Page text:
A new million-dollar taskforce will probe safety at the Territory’s public schools, beginning with a series of reviews of the system.
It follows a highly publicised incident earlier this year where the ACT’s work safety watchdog barred a cohort of Calwell High School students from attending the school campus.
According to the government, the latest taskforce will lead a system-wide transformation that will improve the safety and wellbeing of students and staff.
It will be supported by an advisory group, comprising representatives from the Australian Education Union (ACT Branch), ACT Council of Parents and Citizens Associations, ACT Principals’ Association, ACT Policing, and work health and safety experts from the Chief Minister, Treasury and Economic Development Directorate.
The first swathe of reviews will show how safety processes at public schools are currently operating. That will then be used to inform improvements.
Additional professional learning will also be funded as part of the $1.14 million package, and new curriculum resources will be developed to support teachers in planning and workload management.
Minister for Education and Youth Affairs Yvette Berry acknowledged in a statement the past two years had been challenging for everyone.
“Our school communities have not been immune from the pressures of dealing with the COVID-19 pandemic and a nation-wide teacher shortage,” she said.
Ms Berry earlier this year faced and survived a no-confidence motion brought by the Canberra Liberals following the barring of students from Calwell High School campus by WorkSafe ACT.
Inspectors who attended the Tuggeranong school found a campus rife with extreme bullying, “gangs” of students roaming the playground with weapons, violence and chronic teacher shortages.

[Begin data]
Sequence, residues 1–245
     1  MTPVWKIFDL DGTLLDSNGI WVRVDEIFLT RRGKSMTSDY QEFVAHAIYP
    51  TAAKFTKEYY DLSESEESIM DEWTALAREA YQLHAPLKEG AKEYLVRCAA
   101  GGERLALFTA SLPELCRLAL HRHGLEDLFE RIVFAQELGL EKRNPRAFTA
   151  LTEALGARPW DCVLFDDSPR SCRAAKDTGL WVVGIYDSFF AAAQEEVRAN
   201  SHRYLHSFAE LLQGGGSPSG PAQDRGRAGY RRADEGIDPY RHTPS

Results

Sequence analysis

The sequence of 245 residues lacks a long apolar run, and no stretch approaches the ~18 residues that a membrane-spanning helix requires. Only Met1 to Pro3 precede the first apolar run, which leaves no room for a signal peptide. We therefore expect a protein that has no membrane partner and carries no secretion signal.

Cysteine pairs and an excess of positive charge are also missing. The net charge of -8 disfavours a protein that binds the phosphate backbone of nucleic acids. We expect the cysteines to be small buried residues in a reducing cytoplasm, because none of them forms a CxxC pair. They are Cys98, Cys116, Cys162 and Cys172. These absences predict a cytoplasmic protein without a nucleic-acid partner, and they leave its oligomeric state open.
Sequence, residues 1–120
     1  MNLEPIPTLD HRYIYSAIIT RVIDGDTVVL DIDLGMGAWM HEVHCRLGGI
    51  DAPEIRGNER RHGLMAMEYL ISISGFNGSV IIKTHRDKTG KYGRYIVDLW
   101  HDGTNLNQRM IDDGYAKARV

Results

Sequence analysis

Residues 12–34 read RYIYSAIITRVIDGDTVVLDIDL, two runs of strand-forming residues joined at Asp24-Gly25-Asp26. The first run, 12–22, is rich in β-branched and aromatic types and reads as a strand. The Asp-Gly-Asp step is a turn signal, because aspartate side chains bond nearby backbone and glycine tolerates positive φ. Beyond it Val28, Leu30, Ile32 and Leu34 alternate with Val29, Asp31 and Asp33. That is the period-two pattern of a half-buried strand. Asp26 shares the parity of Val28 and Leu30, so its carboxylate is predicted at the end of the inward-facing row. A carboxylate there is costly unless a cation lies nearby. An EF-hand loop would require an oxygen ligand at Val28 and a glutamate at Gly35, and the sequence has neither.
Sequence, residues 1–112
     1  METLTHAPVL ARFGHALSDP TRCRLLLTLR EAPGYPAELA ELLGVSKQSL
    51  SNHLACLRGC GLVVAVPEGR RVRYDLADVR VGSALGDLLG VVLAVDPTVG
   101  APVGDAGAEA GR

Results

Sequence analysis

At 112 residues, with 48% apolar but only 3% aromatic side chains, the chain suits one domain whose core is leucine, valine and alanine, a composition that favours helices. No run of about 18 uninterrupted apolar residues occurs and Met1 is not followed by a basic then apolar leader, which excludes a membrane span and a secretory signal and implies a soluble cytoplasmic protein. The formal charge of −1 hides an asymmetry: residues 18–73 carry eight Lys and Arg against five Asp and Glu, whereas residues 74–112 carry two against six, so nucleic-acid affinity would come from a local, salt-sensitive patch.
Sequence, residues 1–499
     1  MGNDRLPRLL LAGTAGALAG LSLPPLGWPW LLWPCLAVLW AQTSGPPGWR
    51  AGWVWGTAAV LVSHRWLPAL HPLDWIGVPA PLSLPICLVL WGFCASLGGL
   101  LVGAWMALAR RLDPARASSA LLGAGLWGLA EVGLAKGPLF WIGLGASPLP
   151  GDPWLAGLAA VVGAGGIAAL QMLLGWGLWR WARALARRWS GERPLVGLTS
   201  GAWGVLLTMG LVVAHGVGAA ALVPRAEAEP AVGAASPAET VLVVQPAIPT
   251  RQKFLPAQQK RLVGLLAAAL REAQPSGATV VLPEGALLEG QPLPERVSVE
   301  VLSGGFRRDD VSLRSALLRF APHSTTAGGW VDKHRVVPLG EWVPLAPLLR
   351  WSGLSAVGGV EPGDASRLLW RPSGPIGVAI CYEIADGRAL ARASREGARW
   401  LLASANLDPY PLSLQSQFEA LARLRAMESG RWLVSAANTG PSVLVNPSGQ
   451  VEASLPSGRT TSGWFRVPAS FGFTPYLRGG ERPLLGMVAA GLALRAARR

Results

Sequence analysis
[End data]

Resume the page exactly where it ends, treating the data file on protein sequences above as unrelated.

Those shortages meant teachers were regularly required to teach large cohorts of students – at one time up to 75 – with little assistance. Staff were regularly subjected to sexualised behaviour, abuse and threats, and assaults by students.
One teacher was left with a dislocated shoulder, several broken teeth, welts to the lower arm and bruising to their back after trying to intervene to stop one student from assaulting another. Another staff member locked themselves in a cupboard, crying uncontrollably due to the pressure.
An independent review into Calwell High School, separate to the safety taskforce, began in late May.
Ms Berry in April argued incidents of violence were rare in the Territory’s public schools.
“Calwell High School is a good school … it has got some issues that it is going through at the moment, but the school is being supported to ensure it is a good school and safe for students and teachers,” she told reporters at the time.
But the teachers’ union noted 1600 incidences of violence had been reported across public schools in the first three months of this year and violence was more widespread than Ms Berry was willing to admit.
Ms Berry later sought to clarify her comments to say she had meant incidents of the severity seen at Calwell High School were rare.
Another body of work is underway to find out how many teachers are needed in the ACT despite an earlier taskforce having been established in 2021 to address teacher shortages.
The funding package forms part of the upcoming Territory Budget which will be handed down on Tuesday, 2 August by Chief Minister and Treasurer Andrew Barr.